As firm as the stance may seem, Birch says the NFL does allow for certain ingredients if an investigation shows that a player has had a medical history that requires a prescription containing a banned substance. It is referred to as a "therapeutic-use" exemption. "If that's the case," Birch said, "it is not a violation."
Those players who think they can be excused from testing positive for a banned substance because of a holistic diet, where juices, extracts and all-natural supplements are needed to maintain muscle development or to cut water weight or to provide the needed energy to compete likely won't get the same latitude.
"The idea of naturalism is one of the biggest misconceptions," Birch said. "Almost every supplement will bill itself as 'all natural.' I do understand how people could gravitate toward that, thinking it's not dangerous or not prohibitive. Some extracts that are on our list, typically are in the stimulant category. Those stimulants present problems, particularly in training camp where strenuous activity generates heat in the body, and that could form a dangerous combination."
According to a 2006 New York Times story, the NFL performs about 10,000 tests for performance-enhancing drugs to about 1,800 players each year. Selected randomly, players are tested at least once a year, but most are asked to give a urine sample multiple times during the season. In the offseason, players can be tested as many as six times, any time at any place.
The overall health of the players is the main reason a banned-substance policy has been in place since 1989, Birch said. Players gaining an unfair, artificial competitive edge is also a big reason why so many substances are outlawed, Birch added.
The NFL and its players union begins the player education of banned substances at the pre-draft combine. Prospects are tested there and provided seminars and paperwork about the NFL's drug program. Not only is a list of banned substances provided, so is a list of banned supplement companies.
EAS is the only supplement company authorized by the NFL and the NFLPA because it has agreed to not only use ingredients that are approved but also to develop those supplements in laboratories that follow the proper chain of manufacturing the product. There are some supplements that EAS may not produce.
Nesbit and Falcons defensive tackle Grady Jackson have filed lawsuits against Balanced Health Products, the maker of StarCaps, the over-the-counter weight-loss supplement they took that contained the banned Bumetanide. Both players are suing for financial damages, in Nesbit's case $235,294 he lost in salary while serving his suspension. Meanwhile, StarCaps has suspended shipments of the pill.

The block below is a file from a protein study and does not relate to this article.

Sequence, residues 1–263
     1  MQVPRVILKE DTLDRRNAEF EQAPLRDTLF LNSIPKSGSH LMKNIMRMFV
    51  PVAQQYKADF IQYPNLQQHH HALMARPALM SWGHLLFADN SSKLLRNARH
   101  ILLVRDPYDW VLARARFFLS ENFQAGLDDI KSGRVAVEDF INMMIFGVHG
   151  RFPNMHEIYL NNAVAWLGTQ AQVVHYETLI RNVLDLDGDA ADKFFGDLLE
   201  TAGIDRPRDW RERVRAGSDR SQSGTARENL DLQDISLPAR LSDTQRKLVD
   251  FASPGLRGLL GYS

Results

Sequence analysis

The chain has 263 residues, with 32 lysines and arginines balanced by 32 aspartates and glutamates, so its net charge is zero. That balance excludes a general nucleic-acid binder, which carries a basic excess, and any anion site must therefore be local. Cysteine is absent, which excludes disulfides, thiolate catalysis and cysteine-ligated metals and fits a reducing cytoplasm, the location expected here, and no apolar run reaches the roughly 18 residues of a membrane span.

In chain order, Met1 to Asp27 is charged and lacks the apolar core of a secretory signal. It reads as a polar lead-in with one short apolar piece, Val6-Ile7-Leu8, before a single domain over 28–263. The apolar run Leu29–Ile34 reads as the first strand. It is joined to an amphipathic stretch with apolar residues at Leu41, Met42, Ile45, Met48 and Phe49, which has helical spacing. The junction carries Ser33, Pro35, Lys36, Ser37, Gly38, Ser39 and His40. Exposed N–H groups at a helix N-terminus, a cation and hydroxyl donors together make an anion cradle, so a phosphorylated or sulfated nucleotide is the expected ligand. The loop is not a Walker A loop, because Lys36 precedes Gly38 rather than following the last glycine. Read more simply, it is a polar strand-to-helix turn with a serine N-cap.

"The unfortunate part of it is the supplement industry is not regulated by the FDA (Food and Drug Administration)," said Titans center and NFLPA president Kevin Mawae. "So a company could be making muscle drink or protein drink but it's coming through the same vats or same machines that a steroid product is coming through and those have trace elements that are, or are not, put in purposely.
"The ingredients aren't put on the label. They don't have to be. It might not be a reflection on the player. They're not drug users or steroid abusers. They just happen to take a product with something in it. It's just unfortunate that if you provide a positive test, you become part of the (drug) program."
That said, Mawae isn't overly forgiving to any player who tests positive.
-- Kevin Mawae
Aside from the year-round education and testing programs, the NFL has a hotline for players to call if they have any questions about whether a supplement or ingredients in a supplement is banned. The NFLPA, on its website, also has a supplement hotline as well as a hotline to EAS.
Minnesota Vikings wide receiver Bernard Berrian said in an interview last month that he called the hotline because he was taking a protein beverage that was "kind of fairly new and I wanted to make sure that it wasn't illegal and I'd get suspended for taking it." He said he was unable to get in contact with a consultant the first two times he called, but reached someone on a third try.
Birch said players are supposed to get a return call if they leave a message in the event they can't get in contact with an advisor on the hotline.
Getting the OK from a team official or anyone not officially authorized to provide advice on a supplement will not excuse a player from a positive test, Birch said. That's why Fish won't ever tell a player that something is permissible even if he believes it is.
In an effort to avoid confusion, Fish said he and his staff have NFL-approved supplements at the team facility and provide them to players that need them. Players are educated about the value and effect of the supplement at preseason meetings and on an individual basis.
"I've always looked at it to educate them the best way that we can," Fish said. "I do know there are some teams that say, 'Don't take anything.' That way they wash their hands of anything that happens. At the same time you send your players out on the street to fend for themselves. I try to give them as much information as we can that the league provides."
But as much education that is out there, not everyone will listen.
"What it boils down to is everybody is responsible for what they put in their body," Mawae said, "whether they knew about it or didn't know about it."